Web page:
Last edited by cherylswope; 12-15-2017, 08:13 AM.

    Leave a comment:


  • jen1134
    replied
    Re: Anxiety strategies?!?

    Originally posted by Colomama View Post
    It's encouraging to know I'm not alone with this craziness.

    Yesterday, my son became upset that his sister was working through her schoolwork quicker than he was. He was still finishing his math from the previous day. I was working at the elbow with him, so I assigned his sister her more independent things like cursive and spelling. He totally lost it. Ripped up the rug, knocked the heater over, kicked the chair. I stayed calm, mostly because I was so shocked at his abrupt behavior change, and told him to leave the room. He did and slammed the door on the way out.

    We moved on to singing a Simply Classical C song and he reappeared within moments totally calm and apologetic. I told him he was not invited back and he needed to leave. He was furious I wouldn't listen to his apology or let him sing. He again, lost it; punched his sister, said he hated me, cursed, slammed the door.

    Do others face this dramatic swing in behavior? He went from calmly working through math to explosive and damaging things to right back to calm to furious again. All within 10 minutes.

    How long does 'blackout' last? I honestly feel like he could spend the day in his bedroom until his dad comes home from work. But then, being alone for that length of time seems counter productive and almost negligent.

    He doesn't seem to make the connection that he really hurts people emotionally and we arent ready to accept an apology and move on as if nothing happened within minutes of his egregious behavior.

    Yes, we get the swings. My 5yo can be trying to bite/kick me while I hold/rock her, but the second I turn on a calligraphy how-to video, or something else happens that she's interested in, she's (almost) back to normal. A couple of things:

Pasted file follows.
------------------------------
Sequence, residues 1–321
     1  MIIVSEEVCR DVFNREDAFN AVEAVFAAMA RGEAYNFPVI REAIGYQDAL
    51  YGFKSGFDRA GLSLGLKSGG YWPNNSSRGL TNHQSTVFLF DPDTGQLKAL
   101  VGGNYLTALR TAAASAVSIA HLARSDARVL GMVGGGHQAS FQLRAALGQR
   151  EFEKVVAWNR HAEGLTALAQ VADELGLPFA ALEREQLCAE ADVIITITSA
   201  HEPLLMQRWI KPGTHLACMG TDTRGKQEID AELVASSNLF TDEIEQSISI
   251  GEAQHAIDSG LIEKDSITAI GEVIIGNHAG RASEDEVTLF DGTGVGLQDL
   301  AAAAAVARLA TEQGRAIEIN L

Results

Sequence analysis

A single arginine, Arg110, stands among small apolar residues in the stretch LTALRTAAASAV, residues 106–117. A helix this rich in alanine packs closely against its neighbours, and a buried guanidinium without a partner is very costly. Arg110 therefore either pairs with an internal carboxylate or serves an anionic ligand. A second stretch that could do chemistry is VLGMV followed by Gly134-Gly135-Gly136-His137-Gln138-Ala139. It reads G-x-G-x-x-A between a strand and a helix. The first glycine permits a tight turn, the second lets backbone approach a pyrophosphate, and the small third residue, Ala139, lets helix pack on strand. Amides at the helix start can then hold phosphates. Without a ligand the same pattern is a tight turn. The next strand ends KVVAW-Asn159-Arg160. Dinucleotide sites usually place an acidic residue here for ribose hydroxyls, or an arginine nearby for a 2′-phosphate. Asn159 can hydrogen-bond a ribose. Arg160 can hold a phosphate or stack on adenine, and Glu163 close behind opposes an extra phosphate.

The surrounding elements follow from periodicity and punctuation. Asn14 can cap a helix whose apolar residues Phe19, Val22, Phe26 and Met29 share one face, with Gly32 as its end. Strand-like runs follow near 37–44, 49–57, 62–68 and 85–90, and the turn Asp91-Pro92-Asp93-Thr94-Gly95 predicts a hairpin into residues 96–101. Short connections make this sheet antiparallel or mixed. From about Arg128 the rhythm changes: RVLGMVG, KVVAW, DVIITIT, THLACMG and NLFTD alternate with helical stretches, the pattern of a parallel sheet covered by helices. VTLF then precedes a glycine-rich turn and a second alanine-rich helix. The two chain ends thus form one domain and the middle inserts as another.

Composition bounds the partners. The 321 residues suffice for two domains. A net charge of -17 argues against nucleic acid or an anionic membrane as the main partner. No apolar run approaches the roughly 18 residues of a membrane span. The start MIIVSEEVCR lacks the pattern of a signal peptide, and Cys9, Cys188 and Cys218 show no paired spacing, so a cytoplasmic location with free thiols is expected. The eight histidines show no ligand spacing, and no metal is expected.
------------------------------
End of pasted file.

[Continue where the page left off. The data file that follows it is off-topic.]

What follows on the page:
1. I agree that this needs more than just behavioral intervention given the extent of the violence.

    2. I usually apply blackout until the item in question is taken care of i.e., "You are on blackout until your math lesson is done." Again, this doesn't guarantee that the day's math lesson will get done, but it sets precedent and enforces our expectations for his behavior. The lesson will be there tomorrow and he'll still have to complete it. Yesterday, my son wouldn't do his extra study time. Blackout didn't change his mind, but when I headed out to the store later I still told him that I couldn't get the whiteboard he asked for because he was on blackout. I was perfectly nice about it, but it reinforced that I mean what I say. If an older child is violent, we skip blackout and address the behavior in a "traditional" yet appropriate manner. I'm not saying this is the correct approach for every family, but having a more serious, yet appropriate, consequence helps show that actions have degrees of unacceptability, with some having zero-tolerance.

    3. I've found that kids with EF have a VERY strong sense of justice and they are VERY insecure. This means that they know when their parents, or anyone else, sees them as a bad kid. I can see you bracing, but hear me out...a couple of years ago I came to a very disturbing realization: I resented my son. Our family had been in perpetual chaos since he was 3 and it was directly related to his behavior. Our marriage, his siblings, it had all been adversely affected. But he wouldn't even give me the sign of peace at Mass. He was mad at me and I finally knew why: he knew that I resented him. He knew that we saw him as a problem to be managed. Yes, there were 1,000+ extremely good reasons for this outlook, but it had made him shut down internally. He didn't see any point in trying to better because we were always mad at him and that was just the way it was going to be.